Ever wonder if anyone is listening to what you're saying?
A pastor and poet from the turn of the 16th into the 17th centuryJohn Donnepreached a sermon that people have been listening to (whether they realize it or not) for the past four centuries. His sermon contained one sentence that has been quoted and re-quoted by generations of preachers, politicians, songwriters and novelists.
"No man is an Island, entire of itself; every man is a piece of the Continent, a part of the main; if a clod be washed away by the sea, Europe is the less, as well as if a promontory were, as well as if a manor of thy friends or of thine own were; any man’s death diminishes me, because I am involved in Mankind; And therefore never send to know for whom the bell tolls; It tolls for thee."
John Donne, Meditation XVII
English clergyman & poet (1572 - 1631)
Novelist Ernest Hemingway created a tidy legacy borrowing the phrase "for whom the bell tolls." President Kennedy proclaimed every "man's death diminishes me, for I am involved with Mankind." Gospel singers tell us that "no man is an island," and that's the piece I'm going to borrow here.
No man or woman can be an island, particularly if you're planning to lead your church through a building campaign. Managing the growth and change of your congregation takes healthy, committed internal and external teams. The Bible says that with men and women, some things are impossible, but with God all things are possible. That's so true. And to build on that theme, it's impossible for one person alone to manage and lead the growth of a congregation. It takes a team working under God's inspiration and leadership.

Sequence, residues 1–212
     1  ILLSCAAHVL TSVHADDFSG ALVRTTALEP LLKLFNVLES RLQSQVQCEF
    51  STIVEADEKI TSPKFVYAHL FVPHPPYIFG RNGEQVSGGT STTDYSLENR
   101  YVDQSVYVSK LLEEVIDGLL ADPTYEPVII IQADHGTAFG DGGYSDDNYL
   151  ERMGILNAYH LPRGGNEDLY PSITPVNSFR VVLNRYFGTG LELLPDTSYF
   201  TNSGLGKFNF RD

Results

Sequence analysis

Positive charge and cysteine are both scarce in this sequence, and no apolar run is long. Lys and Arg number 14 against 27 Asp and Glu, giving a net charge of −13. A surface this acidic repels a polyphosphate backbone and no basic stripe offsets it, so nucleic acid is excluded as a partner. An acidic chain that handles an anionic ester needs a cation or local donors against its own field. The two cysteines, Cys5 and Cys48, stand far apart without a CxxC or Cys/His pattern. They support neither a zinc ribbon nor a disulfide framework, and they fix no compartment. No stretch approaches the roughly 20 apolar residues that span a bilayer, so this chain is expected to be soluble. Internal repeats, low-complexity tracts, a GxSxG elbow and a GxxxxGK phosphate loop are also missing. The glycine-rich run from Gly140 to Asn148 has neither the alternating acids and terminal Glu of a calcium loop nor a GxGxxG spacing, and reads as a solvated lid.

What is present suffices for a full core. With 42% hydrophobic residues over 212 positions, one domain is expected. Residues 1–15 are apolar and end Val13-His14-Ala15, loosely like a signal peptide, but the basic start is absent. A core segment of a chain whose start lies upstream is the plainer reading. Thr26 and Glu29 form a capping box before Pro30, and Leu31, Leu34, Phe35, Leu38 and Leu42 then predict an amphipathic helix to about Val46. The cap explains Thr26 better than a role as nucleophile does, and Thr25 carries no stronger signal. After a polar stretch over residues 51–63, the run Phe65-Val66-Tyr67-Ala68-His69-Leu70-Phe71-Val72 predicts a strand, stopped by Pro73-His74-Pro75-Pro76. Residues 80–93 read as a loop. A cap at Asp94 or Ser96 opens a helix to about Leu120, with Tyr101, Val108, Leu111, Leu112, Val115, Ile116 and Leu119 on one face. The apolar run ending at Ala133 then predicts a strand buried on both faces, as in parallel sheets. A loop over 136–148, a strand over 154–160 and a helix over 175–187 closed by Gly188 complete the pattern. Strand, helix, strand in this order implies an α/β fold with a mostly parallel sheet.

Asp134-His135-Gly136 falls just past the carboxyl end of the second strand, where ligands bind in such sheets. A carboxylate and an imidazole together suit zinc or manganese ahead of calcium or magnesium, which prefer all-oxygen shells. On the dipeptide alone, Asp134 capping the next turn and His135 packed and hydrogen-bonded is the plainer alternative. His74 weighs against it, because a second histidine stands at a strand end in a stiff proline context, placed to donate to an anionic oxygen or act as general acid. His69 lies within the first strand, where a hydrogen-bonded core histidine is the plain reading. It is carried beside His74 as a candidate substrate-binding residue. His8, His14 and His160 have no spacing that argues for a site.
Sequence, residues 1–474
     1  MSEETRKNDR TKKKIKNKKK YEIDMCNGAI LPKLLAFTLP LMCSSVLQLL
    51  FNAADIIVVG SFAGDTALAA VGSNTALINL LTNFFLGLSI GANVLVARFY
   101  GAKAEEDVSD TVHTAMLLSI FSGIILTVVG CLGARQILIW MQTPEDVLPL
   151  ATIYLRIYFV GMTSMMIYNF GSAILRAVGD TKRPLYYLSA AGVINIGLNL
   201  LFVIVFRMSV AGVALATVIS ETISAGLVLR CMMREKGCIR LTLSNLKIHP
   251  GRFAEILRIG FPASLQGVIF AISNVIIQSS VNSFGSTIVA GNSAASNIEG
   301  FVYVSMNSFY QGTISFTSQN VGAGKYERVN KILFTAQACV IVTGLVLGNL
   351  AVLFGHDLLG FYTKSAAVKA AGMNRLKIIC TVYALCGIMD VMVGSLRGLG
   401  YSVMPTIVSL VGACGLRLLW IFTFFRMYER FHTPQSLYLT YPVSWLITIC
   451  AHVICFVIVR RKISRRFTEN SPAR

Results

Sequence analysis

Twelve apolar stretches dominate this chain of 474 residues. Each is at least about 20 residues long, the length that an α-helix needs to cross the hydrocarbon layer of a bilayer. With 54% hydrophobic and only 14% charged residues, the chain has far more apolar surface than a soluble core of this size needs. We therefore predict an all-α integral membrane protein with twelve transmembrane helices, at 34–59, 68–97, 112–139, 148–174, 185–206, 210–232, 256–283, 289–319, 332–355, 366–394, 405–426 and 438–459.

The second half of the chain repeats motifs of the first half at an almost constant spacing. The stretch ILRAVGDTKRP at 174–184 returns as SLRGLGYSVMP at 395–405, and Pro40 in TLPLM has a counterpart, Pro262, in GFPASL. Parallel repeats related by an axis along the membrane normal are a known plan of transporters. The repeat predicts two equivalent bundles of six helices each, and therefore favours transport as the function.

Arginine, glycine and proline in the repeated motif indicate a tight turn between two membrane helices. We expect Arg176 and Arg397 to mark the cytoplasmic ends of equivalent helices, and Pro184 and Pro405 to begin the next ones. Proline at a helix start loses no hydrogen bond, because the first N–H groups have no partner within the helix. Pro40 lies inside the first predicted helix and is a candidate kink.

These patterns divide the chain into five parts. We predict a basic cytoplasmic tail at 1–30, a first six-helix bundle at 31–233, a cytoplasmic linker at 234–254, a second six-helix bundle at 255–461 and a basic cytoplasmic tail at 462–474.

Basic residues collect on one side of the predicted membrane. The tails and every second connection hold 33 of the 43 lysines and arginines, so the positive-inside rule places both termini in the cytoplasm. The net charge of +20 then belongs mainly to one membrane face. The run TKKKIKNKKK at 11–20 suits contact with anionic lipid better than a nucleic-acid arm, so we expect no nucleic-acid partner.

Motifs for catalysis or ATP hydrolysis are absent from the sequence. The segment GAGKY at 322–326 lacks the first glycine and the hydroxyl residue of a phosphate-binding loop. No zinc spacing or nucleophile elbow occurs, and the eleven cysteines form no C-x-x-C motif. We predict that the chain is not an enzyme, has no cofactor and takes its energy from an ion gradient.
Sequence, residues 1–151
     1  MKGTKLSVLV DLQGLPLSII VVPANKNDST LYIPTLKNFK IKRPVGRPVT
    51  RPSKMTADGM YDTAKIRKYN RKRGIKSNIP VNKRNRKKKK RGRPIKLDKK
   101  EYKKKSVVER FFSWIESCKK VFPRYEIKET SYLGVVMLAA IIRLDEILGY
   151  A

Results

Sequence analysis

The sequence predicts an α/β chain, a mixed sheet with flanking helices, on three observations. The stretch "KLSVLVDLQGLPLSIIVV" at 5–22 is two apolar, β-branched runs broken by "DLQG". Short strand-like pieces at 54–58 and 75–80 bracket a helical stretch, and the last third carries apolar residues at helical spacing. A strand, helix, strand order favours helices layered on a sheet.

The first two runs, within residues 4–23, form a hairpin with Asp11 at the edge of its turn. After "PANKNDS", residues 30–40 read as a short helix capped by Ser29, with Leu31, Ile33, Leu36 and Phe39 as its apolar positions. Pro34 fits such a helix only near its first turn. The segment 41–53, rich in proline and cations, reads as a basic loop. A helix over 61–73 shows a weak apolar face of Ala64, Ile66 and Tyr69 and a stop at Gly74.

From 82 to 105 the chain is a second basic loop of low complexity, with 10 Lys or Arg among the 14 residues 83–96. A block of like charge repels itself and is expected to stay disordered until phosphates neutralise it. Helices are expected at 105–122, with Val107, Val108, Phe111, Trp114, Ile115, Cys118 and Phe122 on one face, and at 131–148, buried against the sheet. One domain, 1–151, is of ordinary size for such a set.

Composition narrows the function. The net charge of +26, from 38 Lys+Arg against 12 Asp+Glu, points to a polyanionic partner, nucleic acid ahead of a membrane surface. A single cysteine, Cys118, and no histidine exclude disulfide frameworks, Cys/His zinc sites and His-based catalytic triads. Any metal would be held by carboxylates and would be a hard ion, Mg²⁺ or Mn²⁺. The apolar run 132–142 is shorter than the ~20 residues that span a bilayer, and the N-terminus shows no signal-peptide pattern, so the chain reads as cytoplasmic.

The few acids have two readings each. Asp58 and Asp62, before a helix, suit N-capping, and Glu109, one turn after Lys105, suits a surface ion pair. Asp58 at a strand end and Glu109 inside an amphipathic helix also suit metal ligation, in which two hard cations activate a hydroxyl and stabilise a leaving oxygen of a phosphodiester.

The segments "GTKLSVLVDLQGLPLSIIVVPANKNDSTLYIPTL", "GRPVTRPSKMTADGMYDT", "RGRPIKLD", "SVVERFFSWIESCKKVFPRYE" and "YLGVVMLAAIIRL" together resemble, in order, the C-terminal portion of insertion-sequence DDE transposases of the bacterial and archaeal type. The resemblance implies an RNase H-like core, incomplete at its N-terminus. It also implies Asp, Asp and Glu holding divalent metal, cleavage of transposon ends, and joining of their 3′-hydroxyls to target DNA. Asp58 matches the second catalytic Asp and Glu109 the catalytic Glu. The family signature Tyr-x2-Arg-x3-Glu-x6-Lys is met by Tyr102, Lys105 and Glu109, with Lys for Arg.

As you know, congregations are delicately balanced human systems full of impassioned hopes, dreams, values and volunteers. God designs these volunteers to work as a body, with all the parts connected, so it is only as a teamand as groups of teamsthat churches grow and accomplish their missions.
At Morris Architects' Church Design Studio, we recognize several significant truths about teams and teamwork.
Number 1: Healthy, balanced teams that both share vision and communicate vision accomplish extraordinary results.
As your church grows, one of your roles as the leader is to assemble healthy, balanced teams that plan for new and/or expanded facilities. Your internal team should include trustworthy stewards and a representative cross-section of the congregation. As this team comes to share a common vision for your future, and spends time communicating this common vision, the larger congregation will begin to own the vision for itself. The congregation's involvement and agreement with a building campaign is crucial for its success.
Number 2: Before you design concepts or start fund-raising, build internal and external teams.
Often, strong leaders know what the next steps should be. They see the vision, they understand what to do next, and they are eager to start. Wise leaders take the time to build consensus among the other leaders and members of the congregationno matter if that slows or even changes the physical building process.
A healthy internal team is described above in #1trusted people representing the diverse spectrum of the congregation. Their job is to serve as two-way walkie-talkiesthey circulate among the people, gather facts and needs, communicate information to the other team members, and then communicate back again to the congregation. They maintain constant feedback loops that disseminate helpful information and cement cohesive vision.